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the point was one as to which controversy then existed, and had given occasion to strife. In 1580, Chaderton, Bishop of Chester, acting as Commissioner in Lancashire, under the Crown, applied to the Privy Council for instructions as to "two special points "worthy of reformation"; one of which was "for the Lord's "Supper, with wafers, or with common bread ?" The Lords of the Council replied (26th July, 1580) that they thought both points ought to be referred to the consideration of Parliament; adding
"In the meantime, for the appeasing of such division and "bitterness as doth and may arise of the use of both these kinds "of bread, we think it meet, that in such parishes as do use the 66 common bread, and in others that embrace the wafer, they be severally continued as they are at this present. Until which time, also, your lordship is to be careful, according to your "good discretion, to persuade and procure a quietness amongst "such as shall strive for the public maintaining either of the one or the other." (Peck's 'Desiderata Curiosa,' p. 91.)
In a later letter the Bishop recurred to the same question, and was thus answered (21st August, 1580) by Lord Burghley and Sir Francis Walsingham:
"Concerning the last point of your letter, contained in a post"script, whereby appeareth that some are troubled about the "substance of the Communion bread, it were good to teach them "that are weak in conscience, in esteeming of the wafer bread, 66 not to make difference. But, if their weakness continue, it 66 were not amiss, in our opinions, charitably to tolerate them, as "children with milk. Which we refer to your lordship's better "consideration.”—(Ibid. p. 94.)
In 1584 Bishop Overton, of Lichfield, issued an injunction to the clergy of his diocese :
"That the ordinance of the Book of Common Prayer be from "henceforth observed in this, that the bread delivered to the communicants be such as is usual to be eaten at the table with "other meats, yet of the purest and finest wheat; and no other "bread to be used by the minister, nor to be provided for by the "churchwardens and parishioners, than such finest common "bread." (Appendix to Second Report of Rit. Com.,' p. 430.)
The 20th Canon of 1603-4, already mentioned, seems to have proceeded on the same view of the law; and, after the passing of that canon, the usual form of inquiry in the Visitation Articles of Bishops and Archdeacons (e.g., Archbishop Bancroft in 1605; Bishop Babington, of Worcester, in 1607; and Bishop Andrewes in 1619) was whether the churchwardens always supplied, for the Holy Communion, "fine wheat bread."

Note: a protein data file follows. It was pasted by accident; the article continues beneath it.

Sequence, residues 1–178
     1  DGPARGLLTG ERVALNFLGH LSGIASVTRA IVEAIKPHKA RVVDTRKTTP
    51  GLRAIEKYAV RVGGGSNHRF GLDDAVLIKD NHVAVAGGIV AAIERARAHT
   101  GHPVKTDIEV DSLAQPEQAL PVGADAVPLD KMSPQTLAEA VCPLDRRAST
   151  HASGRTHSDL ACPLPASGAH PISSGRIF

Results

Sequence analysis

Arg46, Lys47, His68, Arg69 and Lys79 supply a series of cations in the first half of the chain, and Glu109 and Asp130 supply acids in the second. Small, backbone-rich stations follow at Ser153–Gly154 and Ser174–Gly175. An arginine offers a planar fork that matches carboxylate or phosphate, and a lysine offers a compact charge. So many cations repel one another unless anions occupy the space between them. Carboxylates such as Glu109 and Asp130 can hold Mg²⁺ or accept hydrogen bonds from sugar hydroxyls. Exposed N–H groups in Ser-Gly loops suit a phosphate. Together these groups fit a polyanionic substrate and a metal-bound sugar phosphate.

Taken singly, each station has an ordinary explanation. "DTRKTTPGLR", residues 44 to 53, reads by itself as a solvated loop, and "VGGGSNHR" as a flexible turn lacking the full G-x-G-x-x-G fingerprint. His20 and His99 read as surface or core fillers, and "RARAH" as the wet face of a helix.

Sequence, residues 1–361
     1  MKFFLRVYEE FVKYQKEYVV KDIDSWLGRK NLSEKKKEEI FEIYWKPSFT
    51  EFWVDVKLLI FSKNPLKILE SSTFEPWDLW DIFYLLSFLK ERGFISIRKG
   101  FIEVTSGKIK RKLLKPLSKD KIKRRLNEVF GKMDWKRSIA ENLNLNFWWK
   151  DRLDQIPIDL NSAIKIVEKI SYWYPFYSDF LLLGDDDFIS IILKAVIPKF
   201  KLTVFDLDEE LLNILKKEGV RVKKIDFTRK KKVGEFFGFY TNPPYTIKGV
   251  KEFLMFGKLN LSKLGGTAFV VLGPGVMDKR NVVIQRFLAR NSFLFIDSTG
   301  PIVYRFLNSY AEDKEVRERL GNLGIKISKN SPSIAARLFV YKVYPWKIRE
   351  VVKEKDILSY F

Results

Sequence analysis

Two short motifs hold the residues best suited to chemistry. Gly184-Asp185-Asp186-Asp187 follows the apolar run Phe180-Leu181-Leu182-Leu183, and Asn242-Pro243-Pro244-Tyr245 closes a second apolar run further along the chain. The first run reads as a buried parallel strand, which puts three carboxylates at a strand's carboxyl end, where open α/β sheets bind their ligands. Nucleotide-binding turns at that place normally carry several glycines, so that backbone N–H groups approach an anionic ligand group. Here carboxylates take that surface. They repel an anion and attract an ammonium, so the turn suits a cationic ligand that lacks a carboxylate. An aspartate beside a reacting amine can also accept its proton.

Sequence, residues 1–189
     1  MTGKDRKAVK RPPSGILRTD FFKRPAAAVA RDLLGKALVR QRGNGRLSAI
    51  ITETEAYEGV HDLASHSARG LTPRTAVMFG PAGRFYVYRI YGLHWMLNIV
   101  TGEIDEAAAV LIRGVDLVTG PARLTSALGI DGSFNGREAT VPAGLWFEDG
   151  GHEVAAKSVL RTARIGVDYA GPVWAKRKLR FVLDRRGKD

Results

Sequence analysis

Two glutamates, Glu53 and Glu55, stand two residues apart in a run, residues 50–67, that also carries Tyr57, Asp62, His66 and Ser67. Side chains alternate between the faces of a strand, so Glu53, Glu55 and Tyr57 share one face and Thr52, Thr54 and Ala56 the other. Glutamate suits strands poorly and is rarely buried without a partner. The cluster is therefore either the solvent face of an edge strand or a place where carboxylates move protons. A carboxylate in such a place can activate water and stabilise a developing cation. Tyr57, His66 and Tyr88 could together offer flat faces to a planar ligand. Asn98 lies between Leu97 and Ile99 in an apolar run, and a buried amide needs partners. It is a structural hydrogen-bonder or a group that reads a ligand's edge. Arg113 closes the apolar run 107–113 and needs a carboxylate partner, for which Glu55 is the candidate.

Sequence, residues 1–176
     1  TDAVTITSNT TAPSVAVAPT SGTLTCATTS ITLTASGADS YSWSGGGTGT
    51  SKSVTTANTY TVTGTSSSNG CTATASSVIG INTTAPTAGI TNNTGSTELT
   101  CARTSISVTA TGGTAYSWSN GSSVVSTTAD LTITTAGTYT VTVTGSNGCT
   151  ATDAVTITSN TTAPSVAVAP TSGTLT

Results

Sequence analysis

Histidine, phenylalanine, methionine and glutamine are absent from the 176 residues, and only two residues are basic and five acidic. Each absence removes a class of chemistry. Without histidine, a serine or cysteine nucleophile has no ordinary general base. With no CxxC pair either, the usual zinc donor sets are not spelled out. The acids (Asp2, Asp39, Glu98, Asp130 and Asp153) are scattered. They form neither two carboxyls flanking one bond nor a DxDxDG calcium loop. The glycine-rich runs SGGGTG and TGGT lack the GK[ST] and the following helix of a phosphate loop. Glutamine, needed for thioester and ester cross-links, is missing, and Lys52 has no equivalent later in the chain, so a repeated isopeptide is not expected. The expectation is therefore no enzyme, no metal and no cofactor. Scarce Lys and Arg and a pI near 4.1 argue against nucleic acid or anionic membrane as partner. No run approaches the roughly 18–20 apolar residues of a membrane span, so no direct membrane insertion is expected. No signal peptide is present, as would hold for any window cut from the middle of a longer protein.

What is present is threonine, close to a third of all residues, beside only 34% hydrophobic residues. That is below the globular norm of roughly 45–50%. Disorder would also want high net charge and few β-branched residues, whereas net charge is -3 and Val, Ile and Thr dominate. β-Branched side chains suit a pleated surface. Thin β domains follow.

The same form of inquiry continued to be generally used after the rubric had been altered, upon the revision of 1662, so as to express its purpose to be, to take away all occasion of
"dissension," as well as of "superstition " (which alone had been previously mentioned). The same motive had been expressed in the rubric of King Edward's first Prayer Book, "for avoiding all matters and occasion of dissension " (" superstition "not being then added): when the opposite course was taken, of requiring unleavened bread, of a certain form and fashion, to be everywhere and always used. The practice of using fine wheat bread such as is usual to be eaten, and not cake or wafer, appears to have been universal throughout the Church of England from the alteration of the rubric in 1662, till 1840, or later.
Their Lordships think that if it had been averred and proved that the wafer, properly so called, had been used by the appellant, it would have been illegal; but, as the averment and proof is insufficient, they will advise an alteration of the decree in this respect.
IV. THE CRUCIFIX ON THE SCREEN.
There remains to be considered the charge as to the crucifix. As to this the allegation is that the appellant unlawfully set up and placed upon the top of the screen separating the chancel from the body or nave of the church a crucifix and twenty-four metal candlesticks, with candles which were lighted on either side of the crucifix.
This charge was accompanied by two other charges, in respect of which the appellant has been admonished to abstain from the acts complained of, and to this part of the monition he has submitted. One of these charges was for having formed and accompanied a procession from the chancel, down the north aisle and up the nave back to the chancel again, on the occasion of public service, those taking part in the procession at one time falling upon their knees, and remaining kneeling for some time. other charge was the setting up, attached to the walls of the church, representations of figures, in coloured relief of plastic material, purporting to represent scenes of our Lord's Passion, and forming what are commonly called Stations of the Cross and Passion, such as are often used in Roman Catholic churches. The learned Judge [Lord Penzance] whose decision is under appeal, thus describes the screen and crucifix :